My stand is a combination of 2 API stands. I like the API, but I didn't like the way that it packed... so I took a Large API bow stand ( open front) seat and a platform from a narrow API closed front stand. The result is the base will now nests in on the seat and the seat padding is between my back and the base when packing out. To finish out my system I connected 2 carabiners to the hand extensions of the bow climber seat to form a climbing seat using a climbing belt. The climbing belt is also the securing strap when the platform is nested for packing. I have summit quick climbing stirrups attached to the base so it's easy to lock my feet in for climbing, even in the dark(I climb facing the tree). I have a set of summit saddle bags attached to the seat that act as a back pack with easy access to pockets and such even when climbing or in final hunting position. The pack is completed with padded shoulder harness that quick connect via carabiners. Everything is set up so there is no metal on metal contact (even when packing) making the system very quiet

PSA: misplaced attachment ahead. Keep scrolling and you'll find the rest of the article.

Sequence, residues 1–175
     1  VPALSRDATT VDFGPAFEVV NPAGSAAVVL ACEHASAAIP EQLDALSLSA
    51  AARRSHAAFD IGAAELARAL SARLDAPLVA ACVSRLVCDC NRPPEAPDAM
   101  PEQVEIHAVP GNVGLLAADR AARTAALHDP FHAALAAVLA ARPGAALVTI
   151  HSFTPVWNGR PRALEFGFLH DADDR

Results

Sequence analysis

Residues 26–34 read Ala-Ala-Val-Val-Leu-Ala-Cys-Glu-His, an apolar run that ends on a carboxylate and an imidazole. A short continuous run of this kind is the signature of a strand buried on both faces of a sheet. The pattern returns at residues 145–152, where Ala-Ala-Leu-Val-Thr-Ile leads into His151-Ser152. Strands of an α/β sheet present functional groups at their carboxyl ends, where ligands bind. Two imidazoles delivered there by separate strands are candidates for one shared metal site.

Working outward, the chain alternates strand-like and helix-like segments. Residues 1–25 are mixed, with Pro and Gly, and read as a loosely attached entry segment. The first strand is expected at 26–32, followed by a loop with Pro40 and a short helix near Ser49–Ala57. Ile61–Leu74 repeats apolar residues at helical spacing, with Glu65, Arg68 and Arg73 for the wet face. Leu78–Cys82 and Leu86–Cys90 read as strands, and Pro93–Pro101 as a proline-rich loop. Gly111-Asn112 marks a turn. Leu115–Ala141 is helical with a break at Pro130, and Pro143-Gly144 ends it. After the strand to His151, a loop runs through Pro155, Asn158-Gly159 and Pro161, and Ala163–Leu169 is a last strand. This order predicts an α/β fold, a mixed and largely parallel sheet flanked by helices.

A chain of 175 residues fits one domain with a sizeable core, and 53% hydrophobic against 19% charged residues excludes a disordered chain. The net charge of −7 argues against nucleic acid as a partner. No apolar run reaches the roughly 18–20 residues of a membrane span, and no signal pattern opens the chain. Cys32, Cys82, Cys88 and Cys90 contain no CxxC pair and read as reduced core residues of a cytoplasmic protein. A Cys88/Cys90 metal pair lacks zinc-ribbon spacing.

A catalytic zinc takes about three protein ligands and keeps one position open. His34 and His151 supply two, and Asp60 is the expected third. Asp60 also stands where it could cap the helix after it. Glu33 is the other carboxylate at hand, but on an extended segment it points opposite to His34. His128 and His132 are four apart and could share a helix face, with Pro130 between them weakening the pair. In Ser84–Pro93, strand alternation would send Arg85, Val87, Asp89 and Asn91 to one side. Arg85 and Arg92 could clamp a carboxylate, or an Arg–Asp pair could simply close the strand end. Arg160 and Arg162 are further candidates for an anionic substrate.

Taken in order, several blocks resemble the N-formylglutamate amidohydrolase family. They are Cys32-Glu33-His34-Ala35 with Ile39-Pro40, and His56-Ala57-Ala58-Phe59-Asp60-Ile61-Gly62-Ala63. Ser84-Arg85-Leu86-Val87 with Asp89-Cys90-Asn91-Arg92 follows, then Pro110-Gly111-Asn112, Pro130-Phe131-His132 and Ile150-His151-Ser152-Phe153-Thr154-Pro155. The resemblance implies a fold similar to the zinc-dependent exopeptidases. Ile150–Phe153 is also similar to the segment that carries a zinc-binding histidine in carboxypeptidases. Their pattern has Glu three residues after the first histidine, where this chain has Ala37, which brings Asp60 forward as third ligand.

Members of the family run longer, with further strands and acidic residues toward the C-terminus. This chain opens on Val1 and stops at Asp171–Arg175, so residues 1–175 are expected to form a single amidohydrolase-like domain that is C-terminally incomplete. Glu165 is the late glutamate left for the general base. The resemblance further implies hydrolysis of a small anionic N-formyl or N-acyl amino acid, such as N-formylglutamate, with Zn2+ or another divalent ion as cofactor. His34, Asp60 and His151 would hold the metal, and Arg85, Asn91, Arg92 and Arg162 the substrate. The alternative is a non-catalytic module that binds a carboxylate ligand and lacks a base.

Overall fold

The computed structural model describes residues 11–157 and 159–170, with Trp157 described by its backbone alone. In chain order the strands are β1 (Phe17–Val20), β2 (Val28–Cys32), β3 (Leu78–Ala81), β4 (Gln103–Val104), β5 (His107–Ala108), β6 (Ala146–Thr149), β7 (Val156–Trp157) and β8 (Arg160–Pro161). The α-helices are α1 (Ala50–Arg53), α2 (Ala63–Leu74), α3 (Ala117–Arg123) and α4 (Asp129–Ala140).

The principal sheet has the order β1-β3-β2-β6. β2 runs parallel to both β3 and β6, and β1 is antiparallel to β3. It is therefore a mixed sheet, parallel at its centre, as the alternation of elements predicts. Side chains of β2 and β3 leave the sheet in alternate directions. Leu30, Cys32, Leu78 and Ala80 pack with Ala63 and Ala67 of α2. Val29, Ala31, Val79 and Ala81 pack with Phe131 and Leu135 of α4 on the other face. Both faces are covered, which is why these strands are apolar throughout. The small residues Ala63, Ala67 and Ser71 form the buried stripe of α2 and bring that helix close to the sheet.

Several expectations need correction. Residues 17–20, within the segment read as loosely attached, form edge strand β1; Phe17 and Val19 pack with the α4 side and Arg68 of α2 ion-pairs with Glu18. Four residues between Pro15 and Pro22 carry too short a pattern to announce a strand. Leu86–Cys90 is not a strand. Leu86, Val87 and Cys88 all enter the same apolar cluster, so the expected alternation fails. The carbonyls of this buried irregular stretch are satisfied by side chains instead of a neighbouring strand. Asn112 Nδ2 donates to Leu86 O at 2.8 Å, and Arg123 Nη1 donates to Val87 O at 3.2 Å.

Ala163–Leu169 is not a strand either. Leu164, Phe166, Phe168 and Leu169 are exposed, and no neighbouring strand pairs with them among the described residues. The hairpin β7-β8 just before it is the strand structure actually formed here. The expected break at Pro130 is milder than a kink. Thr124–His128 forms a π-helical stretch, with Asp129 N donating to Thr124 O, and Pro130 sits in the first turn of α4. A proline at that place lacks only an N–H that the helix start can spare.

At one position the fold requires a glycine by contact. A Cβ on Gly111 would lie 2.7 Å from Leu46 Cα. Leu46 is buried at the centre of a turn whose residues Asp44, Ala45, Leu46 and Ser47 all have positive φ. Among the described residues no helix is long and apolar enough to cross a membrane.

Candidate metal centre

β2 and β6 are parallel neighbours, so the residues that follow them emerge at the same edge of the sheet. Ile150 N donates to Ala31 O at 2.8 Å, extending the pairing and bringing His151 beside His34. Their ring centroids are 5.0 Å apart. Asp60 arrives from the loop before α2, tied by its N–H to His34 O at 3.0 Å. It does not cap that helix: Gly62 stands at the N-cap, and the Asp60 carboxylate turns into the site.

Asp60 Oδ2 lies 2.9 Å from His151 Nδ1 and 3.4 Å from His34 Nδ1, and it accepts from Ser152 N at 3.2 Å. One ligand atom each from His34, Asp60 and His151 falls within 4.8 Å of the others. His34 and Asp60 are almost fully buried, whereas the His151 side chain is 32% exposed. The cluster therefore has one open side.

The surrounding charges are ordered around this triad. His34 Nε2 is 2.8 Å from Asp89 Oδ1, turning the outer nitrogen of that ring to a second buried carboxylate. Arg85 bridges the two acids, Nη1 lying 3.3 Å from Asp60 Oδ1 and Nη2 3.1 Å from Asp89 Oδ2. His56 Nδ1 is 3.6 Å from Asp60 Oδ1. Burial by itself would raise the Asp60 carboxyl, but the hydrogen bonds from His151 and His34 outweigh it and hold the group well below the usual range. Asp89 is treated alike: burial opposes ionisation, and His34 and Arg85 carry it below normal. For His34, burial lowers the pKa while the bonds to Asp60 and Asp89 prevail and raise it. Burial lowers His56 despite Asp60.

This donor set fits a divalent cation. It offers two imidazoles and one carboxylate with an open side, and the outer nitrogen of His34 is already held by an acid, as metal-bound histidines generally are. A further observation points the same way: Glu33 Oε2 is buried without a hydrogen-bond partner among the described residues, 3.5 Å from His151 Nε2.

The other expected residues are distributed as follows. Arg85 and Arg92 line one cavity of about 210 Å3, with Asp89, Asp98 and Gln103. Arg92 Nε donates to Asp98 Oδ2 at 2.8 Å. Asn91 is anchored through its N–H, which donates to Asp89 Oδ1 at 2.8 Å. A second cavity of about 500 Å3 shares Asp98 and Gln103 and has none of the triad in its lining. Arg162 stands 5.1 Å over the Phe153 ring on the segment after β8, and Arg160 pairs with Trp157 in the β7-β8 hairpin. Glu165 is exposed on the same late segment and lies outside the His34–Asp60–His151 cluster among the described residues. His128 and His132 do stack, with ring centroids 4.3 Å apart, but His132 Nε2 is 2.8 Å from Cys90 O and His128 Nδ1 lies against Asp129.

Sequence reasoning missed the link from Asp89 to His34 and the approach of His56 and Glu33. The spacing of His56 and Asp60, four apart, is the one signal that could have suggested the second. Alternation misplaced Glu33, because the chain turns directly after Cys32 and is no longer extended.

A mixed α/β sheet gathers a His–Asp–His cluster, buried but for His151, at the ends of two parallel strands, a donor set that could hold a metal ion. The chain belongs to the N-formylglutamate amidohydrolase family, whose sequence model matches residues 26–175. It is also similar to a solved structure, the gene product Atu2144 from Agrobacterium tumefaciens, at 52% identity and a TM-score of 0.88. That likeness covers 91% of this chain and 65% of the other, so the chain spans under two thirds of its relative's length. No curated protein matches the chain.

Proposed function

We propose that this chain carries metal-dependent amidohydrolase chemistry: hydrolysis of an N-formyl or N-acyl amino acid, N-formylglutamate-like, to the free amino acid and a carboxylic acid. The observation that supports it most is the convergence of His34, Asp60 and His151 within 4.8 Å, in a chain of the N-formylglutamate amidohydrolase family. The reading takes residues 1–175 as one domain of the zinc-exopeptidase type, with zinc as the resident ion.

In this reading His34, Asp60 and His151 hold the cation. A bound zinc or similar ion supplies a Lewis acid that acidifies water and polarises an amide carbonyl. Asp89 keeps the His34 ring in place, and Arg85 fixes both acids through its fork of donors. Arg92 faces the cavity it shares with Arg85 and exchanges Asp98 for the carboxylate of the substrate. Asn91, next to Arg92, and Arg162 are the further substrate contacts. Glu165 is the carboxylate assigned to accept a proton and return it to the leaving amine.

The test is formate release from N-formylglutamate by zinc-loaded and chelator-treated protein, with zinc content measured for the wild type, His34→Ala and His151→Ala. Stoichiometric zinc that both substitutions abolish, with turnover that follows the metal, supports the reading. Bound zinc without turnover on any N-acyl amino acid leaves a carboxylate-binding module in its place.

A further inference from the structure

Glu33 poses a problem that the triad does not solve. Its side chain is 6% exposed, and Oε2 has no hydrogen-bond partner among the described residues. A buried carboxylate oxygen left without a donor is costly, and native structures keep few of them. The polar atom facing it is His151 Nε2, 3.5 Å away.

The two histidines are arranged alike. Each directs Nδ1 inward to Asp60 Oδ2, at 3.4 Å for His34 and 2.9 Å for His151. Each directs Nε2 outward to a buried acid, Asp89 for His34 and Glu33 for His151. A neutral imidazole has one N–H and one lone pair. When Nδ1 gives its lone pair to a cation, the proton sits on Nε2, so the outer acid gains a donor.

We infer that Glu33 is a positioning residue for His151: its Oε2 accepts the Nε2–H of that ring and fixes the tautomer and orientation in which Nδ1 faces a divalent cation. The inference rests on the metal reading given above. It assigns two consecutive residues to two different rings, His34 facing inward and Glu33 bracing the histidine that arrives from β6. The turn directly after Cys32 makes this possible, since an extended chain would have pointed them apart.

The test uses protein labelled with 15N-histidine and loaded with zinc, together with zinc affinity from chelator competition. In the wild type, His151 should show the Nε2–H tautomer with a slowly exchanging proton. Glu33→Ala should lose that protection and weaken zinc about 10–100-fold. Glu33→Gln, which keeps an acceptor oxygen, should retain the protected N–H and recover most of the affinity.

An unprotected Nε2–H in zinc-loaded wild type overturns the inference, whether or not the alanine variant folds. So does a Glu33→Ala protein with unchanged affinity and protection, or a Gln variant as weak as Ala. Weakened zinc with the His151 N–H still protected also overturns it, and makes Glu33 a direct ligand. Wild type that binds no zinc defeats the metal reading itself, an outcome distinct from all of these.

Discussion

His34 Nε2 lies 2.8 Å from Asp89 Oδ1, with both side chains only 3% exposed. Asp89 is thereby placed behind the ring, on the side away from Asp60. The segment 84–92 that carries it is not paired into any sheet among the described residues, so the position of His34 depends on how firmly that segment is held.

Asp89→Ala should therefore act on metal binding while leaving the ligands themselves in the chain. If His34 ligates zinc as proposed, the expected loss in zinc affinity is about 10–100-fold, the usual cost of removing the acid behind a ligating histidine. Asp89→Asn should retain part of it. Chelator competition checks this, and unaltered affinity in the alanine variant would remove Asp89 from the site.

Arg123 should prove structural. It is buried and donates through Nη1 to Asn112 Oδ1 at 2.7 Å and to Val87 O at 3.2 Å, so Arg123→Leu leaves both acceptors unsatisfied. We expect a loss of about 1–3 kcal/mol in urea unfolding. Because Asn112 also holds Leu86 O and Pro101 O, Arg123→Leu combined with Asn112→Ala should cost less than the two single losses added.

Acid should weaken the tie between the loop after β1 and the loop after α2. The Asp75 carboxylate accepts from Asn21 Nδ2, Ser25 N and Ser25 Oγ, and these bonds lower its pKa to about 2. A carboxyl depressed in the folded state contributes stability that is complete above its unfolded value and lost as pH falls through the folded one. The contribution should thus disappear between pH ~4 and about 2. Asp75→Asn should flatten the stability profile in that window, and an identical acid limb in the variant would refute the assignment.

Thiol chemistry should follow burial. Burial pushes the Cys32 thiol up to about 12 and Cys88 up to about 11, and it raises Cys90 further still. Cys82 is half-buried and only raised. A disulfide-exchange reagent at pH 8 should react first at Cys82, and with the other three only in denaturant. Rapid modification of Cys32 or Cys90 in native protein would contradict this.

The whole system is not a light as I would like, but it has room for my trimming saw and pruning shears, rain jacket, 2 insulated water bottles, field camo, field dressing kit, a coil of paracord, extra lights and compass, ammo in gun season, and even my lunch if need be...

It's rather comfortable and falling asleep on a quiet morning can be an issue. It fit's in the bed of my truck under the tonneau cover, so it stays there from fall through the end of winter hunting season (I do remove the water and perishables).